Autumn has always been my favorite season. It is a time of change, of new beginnings. As a child, it meant the return to school, reunion with friends, relief from the oppressive summer heat. I loved the smells, the sounds, the feel of autumn. The rustle of wind through the falling leaves, the smell of apples cooking, the taste of pumpkin pies, the calls of the geese migrating south, the chill in the air. I loved it all.
But this is an autumn like no other. We are in the grip of a deadly and relentless pandemic on the threshold of flu season. Within seven short months (can that be true?) we have lost over 200,000 lives to coronavirus in the US and ar eapproaching 1 million worldwide. Over that same period, we have weathered devastating hurricanes, floods, and riots. Fires still rage over much of the West coast. Unemployment is at unprecedented levels and we are in a contentious political battle for the presidency. This is uncharted territory.
We’re all in this together; we hear this a lot. And we seem to agree on this. But we don’t agree on how to get out the situation we find ourselves in. The popular response seems to be to blame each other for our problems. It has become a national pastime. We need only to channel surf or go on social media to find a rabid champion for our cause. No insult, no accusation is off limits. We wear our stubborn allegiance like a badge of honor. Vicious name-calling, unheard of a decade ago, is embedded in the national dialog. Common courtesy no longer unifies us; we are drifting into dangerous waters.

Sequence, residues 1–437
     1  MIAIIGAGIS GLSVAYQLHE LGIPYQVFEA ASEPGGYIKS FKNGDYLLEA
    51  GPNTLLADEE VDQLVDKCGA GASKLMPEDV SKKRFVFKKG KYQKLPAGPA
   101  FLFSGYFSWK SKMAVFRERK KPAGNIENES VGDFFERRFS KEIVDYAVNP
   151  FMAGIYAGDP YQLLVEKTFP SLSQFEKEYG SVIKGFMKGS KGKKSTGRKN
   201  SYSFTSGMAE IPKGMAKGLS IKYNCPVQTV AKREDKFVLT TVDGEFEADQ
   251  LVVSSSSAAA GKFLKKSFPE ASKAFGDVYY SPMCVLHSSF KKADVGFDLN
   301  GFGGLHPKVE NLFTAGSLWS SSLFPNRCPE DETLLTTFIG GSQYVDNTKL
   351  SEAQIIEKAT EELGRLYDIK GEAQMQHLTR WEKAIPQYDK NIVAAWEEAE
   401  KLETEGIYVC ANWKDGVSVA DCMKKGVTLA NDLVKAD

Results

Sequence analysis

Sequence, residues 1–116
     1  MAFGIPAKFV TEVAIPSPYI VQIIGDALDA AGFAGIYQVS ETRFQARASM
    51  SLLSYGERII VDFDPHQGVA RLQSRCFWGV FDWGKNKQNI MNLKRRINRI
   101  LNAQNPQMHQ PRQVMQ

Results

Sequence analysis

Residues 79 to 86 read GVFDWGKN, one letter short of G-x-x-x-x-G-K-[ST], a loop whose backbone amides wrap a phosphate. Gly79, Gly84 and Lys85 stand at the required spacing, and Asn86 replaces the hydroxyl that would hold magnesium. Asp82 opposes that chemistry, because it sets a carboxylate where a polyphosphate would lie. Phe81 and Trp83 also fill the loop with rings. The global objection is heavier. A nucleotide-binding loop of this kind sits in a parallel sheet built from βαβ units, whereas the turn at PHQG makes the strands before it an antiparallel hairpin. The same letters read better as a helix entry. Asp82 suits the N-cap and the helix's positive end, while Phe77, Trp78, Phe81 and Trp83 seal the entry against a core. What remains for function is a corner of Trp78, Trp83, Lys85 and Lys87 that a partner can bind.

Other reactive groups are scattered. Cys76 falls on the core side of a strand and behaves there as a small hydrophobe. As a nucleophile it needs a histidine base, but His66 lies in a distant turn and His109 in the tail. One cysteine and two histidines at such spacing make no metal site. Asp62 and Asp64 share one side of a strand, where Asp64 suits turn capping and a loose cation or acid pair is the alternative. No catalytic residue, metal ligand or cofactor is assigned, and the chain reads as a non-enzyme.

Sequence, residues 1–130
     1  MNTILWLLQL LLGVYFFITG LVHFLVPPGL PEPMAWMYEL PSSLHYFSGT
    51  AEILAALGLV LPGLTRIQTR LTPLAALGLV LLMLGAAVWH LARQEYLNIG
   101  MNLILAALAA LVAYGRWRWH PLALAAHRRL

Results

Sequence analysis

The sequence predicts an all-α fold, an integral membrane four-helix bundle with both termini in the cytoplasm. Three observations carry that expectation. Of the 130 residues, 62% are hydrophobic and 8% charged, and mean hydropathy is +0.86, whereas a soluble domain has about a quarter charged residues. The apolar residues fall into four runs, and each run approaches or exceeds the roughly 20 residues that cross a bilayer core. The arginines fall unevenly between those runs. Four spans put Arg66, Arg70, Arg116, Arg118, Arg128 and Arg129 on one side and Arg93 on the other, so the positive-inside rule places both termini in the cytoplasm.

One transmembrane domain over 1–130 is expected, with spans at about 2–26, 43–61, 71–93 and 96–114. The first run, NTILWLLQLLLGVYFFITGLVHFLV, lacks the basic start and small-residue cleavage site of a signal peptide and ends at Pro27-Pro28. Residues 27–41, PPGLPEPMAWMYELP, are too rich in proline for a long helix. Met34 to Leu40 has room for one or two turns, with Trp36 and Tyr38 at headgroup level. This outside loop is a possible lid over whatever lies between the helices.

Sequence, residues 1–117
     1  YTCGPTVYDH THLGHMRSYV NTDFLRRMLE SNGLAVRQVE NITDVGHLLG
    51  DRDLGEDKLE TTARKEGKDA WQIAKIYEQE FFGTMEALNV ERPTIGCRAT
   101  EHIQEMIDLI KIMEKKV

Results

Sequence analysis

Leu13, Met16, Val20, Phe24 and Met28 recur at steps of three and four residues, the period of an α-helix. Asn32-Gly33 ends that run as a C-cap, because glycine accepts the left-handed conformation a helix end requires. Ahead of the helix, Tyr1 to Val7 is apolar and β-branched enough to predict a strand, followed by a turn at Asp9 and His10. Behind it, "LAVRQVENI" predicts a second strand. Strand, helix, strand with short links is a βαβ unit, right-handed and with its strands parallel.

In a recent conversation with a friend, I railed about the corrupt and self-seeking motives of a certain political group, and threw in a few unflattering slurs for good measure. Surely she agreed with my position, after all, she is my friend, an intelligent and thoughtful person. But as her smile stiffened to a grimace, it was clear she didn’t agree. At. All. To my chagrin, not only had my insensitive, and face it, tasteless, comment threatened a friendship, it had made meaningful discourse on the topic impossible. Worse, I wasn’t presenting a reasoned argument, only popular opinions, not even my own.
I am not proud of this behavior. I need to change. Uncomfortable as it is, I need to listen respectfully to the other point of view if I want peace in my family, with my friends, in my community.
But why listen to my opponent? Why entertain her point of view, when she probably won’t listen to mine. And even so, I’m just one person among millions. Perhaps true, but more importantly, being that self-righteous, intolerant person just does not serve me well. I don’t like how it feels.
And who knows, if a few people become open to listenIng and a few more listen to those people and a few more……
Wait! Isn’t that how the virus spreads?